Dezan Shira in Malaysia

Dezan Shira & Associates have maintained an Alliance partner in Malaysia since 2013 and provide pre-entry advisory, corporate establishment, tax planning, accounting, compliance and audit services throughout the country, managed from offices in Kuala Lumpur. Our Alliance Partner firm employs numerous local legal, tax, accounting and audit staff to support this function and are one of the largest firms in the city.

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Regional Intelligence: Malaysia

Transitioning from a raw material-based economy to a multi-sector one in the 1980s and 1990s, Malaysia’s economy has maintained an average growth rate of above seven percent since 1967. While still considered an upper-middle income country by the World Bank, the Malaysian government is aiming to achieve high income (developed nation) status by 2020 through attracting increased FDI in the country’s high tech, biotechnology, Islamic finance, and services sectors. Over the past decade, Malaysia’s rapid economic growth has enabled the country to succeed in significantly reducing poverty levels from more than 50 percent in the 1960s to less than two percent today.

According to the IMF and World Bank, continued growth in the near and medium term hinges on the implementation of structural reforms that reorient the country’s economy towards the private sector. Launched in 2010, Malaysia’s Economic Transformation Program (ETP) has been the driving force behind government efforts to diversify and liberalize the economy by decreasing reliance on state owned enterprises (SOEs). Alongside the ETP, Malaysia’s New Economic Model has further eroded the clout of SOEs over the country’s economy by mandating the enactment of a wide range of government-funded projects and policy initiatives designed to incentivize foreign investment. On average, depending on the type of business line, it takes 5.5 days to set up a business in Malaysia.

While electronics, oil, gas, palm oil, and rubber have historically been the mainstays of Malaysia’s economy (primarily state-owned and accounting for around 32 percent of government revenue), several other sectors including financial services, tourism, education, retail, and healthcare have grown rapidly in recent years. Malaysia’s retail sector in particular has gained momentum since 2010 with the country’s e-commerce market set to grow from US$1 billion last year to more than US$10 billion by the end of 2015.

Malaysia’s East Coast Economic Region includes the states of Kelantan, Terengganu, and Pahang and the district of Mersing in Johor. It was established in 2009 and has proven to be a game changer for the country’s manufacturing output. In expanding the concept by collaborating with the Iskander SEZ, Malaysia has positioned its east coast as a key area for the development of ASEAN free trade.

HR Issues

Malaysia has a flexible visa policy that allows the majority of countries to enter without a visa for business trips that do not last longer than 90 days, including foreign nationals from the United States, France, Australia, Brazil, Germany, and the United Kingdom. It is important to check ahead of time if Malaysia requires a visa from your country.

Foreign workers in Malaysia can be employed in the manufacturing, construction, plantation, agricultural, services and domestic help sectors. All applications for foreign workers should be submitted to the One Stop Centre, Ministry of Home Affairs, except for applications for foreign domestic helpers which should be submitted to Malaysia’s Immigration Department.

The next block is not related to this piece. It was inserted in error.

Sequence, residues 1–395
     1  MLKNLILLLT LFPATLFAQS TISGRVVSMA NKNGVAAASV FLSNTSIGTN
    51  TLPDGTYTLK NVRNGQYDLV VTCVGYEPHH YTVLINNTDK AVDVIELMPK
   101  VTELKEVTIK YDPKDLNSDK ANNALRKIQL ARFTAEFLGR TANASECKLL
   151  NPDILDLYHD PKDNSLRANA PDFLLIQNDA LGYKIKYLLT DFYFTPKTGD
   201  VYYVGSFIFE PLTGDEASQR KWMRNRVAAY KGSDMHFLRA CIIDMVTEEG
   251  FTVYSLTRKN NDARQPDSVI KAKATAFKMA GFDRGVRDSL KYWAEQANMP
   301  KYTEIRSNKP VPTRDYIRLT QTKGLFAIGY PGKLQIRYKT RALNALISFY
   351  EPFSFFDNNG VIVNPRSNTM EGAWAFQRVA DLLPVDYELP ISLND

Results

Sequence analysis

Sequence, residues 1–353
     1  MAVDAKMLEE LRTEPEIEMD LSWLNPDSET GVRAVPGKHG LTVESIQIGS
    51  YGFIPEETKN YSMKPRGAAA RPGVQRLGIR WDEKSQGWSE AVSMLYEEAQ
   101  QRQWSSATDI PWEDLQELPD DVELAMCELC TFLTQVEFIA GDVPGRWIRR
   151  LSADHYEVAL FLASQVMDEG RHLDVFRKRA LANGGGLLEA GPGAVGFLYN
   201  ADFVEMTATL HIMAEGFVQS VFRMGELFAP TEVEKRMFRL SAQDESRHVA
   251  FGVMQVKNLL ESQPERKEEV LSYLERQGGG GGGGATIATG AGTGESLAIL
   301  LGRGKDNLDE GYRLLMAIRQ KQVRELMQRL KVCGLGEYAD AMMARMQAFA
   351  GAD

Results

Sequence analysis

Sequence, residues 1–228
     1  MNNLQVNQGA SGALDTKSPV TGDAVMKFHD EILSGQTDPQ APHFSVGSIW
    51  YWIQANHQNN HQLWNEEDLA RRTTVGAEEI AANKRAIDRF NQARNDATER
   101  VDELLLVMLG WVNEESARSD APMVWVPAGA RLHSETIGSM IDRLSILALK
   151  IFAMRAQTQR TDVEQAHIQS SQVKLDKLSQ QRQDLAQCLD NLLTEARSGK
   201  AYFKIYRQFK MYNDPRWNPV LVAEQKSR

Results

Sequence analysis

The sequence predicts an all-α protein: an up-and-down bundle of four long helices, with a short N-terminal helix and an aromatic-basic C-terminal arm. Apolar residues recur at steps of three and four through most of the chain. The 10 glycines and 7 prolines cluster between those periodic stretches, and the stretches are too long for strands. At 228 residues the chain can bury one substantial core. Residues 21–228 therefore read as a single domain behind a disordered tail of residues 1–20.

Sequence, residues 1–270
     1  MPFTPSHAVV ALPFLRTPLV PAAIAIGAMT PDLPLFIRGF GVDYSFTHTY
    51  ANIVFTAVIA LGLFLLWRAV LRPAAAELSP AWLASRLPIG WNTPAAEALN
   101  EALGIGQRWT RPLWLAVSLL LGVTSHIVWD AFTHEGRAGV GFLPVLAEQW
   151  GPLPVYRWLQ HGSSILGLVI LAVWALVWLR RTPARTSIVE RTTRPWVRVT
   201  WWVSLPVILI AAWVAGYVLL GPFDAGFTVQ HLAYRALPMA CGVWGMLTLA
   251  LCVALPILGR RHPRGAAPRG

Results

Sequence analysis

Foreign workers who wish to be employed by a company within Malaysia will have to have their application reviewed by the relevant government agencies, such as the Ministry of Manpower. The employee’s sponsoring company must also work with the government to ensure that the worker is approved for entry. There are two types of visas available:

  • Single Entry – Valid for three months
  • Multiple Entry – Valid for three to 12 months

Applications must be made through the nearest Malaysian Representative Office Abroad or, for Indian and Chinese nationals, through the online I-Visa System.

Work permits are required for foreign nationals working within the following eligible work sectors:

  • Manufacturing
  • Plantation
  • Agriculture
  • Construction
  • Services

In order to work in Malaysia, the applicant must obtain approval from the Local Center of Approval under the Ministry of Home Affairs, and the applicant’s employer must also file for a Visa with Reference and a Visitor’s Pass if the employment is on a temporary basis.

Please find the full contact information of our Malaysian Asian Alliance Partner here.

Dezan Shira Asian Alliance Member in Malaysia

Christopher Heng & Peng Sam
8th Floor, Kompleks Mutiara, Jalan Sultan Azlan Shan
(Previously known as 3 ½ Mile Jalan Ipoh)
51200 Kuala Lumpur

Tel: +603 6257 1130
Fax: +603 6257 0500

Investment vehicles available to foreign investors

Generally, any person or foreigner can set up and operate a business in Malaysia. The requirement is that the firm or company must apply for registration from the Companies Commision of Malaysia (SURUHANJAYA SYARIKAT MALAYSIA {SSM}). Malaysia allows foreign investors to use the following investment vehicles:

  • Sole proprietorship
    • Owned by an individual operating as sole proprietor.
    • Must register with the SSM under the Registration of Businesses Act 1956.
  • Partnership
    • Can be between two or more (but not more than 20) persons.